It's Getting Really, Dangerously Loud
WHY YOU SHOULD CARE
Because the noise of modern life is turning up the volume on some potentially serious health problems.
By Kenneth Skinner
Airports are stressful. Delayed flights and long security lines can raise blood pressure. But we tend to overlook airplane noise on the list of stressors — and it may be more harmful than we realize.
While noise pollution is most commonly talked about at airports, it’s not just about the engine roar coming from jets taking off and landing. Noise exposure is everywhere — even in classrooms and hospitals. And now, two recent studies in the British Medical Journal have shed light on the deleterious effects of long-term exposure to airport-related noise — and its impact on our hearts.
Number of alarms that go off per day
One study found higher risks of hospitalization for heart disease in London neighborhoods close to Heathrow, the third-busiest airport in the world. This increased risk was linked to the constant noise exposure. The other study estimated a 3.5 percent increase in heart-disease hospitalization rate per 10-decibel increase in airport noise.
Another recent study highlights the effects of “alarm fatigue”— where hospital clinicians become desensitized to the constant beeps and alarms. At the Boston Medical Center cardiac care unit, workers are exposed, on average, to 12,000 alarms a day. Noise levels in hospitals typically exceed the WHO-recommended level by more than 15 decibels. And noise isn’t just bad for patients — it also contributes to burnout and lowered work performance for nurses and other hospital workers.
We’ve known about noise-induced hearing loss as a public health concern for a while: The beginning of the jet age in the 1960s raised aircraft noise concerns, sparking legislation such as the 1969 National Environmental Policy Act, the first piece of federal legislation that required airports to monitor the impact of aircraft noise before undertaking major projects. Hospitals, too, have been getting noisier since 1960 , according to a Johns Hopkins Hospital study, mostly the result of overhead pagers, loud conversations and alarms.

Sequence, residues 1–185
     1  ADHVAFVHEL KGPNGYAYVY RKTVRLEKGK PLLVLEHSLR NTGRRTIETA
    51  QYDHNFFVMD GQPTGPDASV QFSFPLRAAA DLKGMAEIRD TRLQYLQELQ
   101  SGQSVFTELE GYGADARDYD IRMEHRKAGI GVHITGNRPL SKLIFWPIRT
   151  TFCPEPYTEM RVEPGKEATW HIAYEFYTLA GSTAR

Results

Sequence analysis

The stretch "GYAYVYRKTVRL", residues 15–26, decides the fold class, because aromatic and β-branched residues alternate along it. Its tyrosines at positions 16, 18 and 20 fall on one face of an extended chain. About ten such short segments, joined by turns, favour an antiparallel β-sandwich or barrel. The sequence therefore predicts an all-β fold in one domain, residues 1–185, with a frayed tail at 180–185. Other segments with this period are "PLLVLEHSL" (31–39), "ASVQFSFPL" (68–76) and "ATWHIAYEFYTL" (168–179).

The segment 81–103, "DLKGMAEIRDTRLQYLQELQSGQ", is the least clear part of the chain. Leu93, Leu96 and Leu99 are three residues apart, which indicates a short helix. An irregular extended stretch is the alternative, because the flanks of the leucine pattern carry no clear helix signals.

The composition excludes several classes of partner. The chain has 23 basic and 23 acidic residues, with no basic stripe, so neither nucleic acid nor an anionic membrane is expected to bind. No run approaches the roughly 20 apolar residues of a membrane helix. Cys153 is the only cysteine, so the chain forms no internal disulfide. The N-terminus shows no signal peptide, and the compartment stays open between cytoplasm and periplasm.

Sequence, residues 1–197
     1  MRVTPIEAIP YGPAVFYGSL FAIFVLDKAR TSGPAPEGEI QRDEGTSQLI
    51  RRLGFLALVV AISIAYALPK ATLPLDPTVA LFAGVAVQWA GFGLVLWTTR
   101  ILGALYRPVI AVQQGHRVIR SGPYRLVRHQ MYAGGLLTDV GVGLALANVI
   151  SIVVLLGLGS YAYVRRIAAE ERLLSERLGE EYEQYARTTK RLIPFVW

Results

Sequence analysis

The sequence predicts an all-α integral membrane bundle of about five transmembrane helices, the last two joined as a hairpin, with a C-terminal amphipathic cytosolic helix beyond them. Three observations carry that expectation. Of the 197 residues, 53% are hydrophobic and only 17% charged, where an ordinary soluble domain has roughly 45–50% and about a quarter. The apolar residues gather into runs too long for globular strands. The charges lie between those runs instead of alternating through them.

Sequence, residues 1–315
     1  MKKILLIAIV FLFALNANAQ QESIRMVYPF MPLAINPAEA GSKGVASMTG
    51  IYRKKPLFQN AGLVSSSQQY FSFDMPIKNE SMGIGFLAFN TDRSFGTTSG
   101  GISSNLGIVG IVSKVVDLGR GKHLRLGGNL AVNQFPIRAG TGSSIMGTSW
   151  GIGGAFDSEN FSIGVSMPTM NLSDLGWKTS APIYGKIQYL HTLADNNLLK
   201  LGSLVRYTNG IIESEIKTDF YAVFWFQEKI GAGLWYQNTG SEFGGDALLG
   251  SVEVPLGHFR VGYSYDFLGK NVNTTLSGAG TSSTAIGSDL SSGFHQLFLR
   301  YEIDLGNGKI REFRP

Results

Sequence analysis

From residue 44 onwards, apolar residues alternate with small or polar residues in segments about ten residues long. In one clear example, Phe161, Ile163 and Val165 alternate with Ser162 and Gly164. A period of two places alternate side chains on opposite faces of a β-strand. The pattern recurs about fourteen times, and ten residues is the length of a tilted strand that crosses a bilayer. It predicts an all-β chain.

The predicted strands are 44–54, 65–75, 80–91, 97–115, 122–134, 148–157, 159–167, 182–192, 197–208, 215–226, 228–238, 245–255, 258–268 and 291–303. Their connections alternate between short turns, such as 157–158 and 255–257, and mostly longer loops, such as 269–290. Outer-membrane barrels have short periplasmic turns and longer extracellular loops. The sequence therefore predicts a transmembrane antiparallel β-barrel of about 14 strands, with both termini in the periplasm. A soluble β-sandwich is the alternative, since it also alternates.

You don’t have to work with jackhammers to suffer from long-term exposure.
So what are public health officials doing to address an issue that affects so many of us? Noise emission labels on products are mandatory in some countries. However, the EPA has applied these labels to only a few products thus far, such as portable air compressors. Warning labels should be implemented for all products that are capable of causing hearing damage, and that especially applies to many children’s toys out today. Also, in some densely populated cities, “noise maps” are helping leaders make informed decisions about their noise policies.
Around the world, we’re seeing the effects of excessive noise reach well beyond airports, and you don’t have to work with jackhammers to suffer the consequences of long-term exposure. Living in an urban environment, spending time in a classroom or hospital, or even listening to an MP3 player at a high volume is probably enough.
Unwanted exposure to noise may be an inescapable part of modern life, but as life gets busier — and louder — we need greater public awareness of the problem and both federal and non-federal intervention to remedy it.
Sounds ironic, but it’s time we make some noise to save our hearts.
- Kenneth Skinner, OZY Author Contact Kenneth Skinner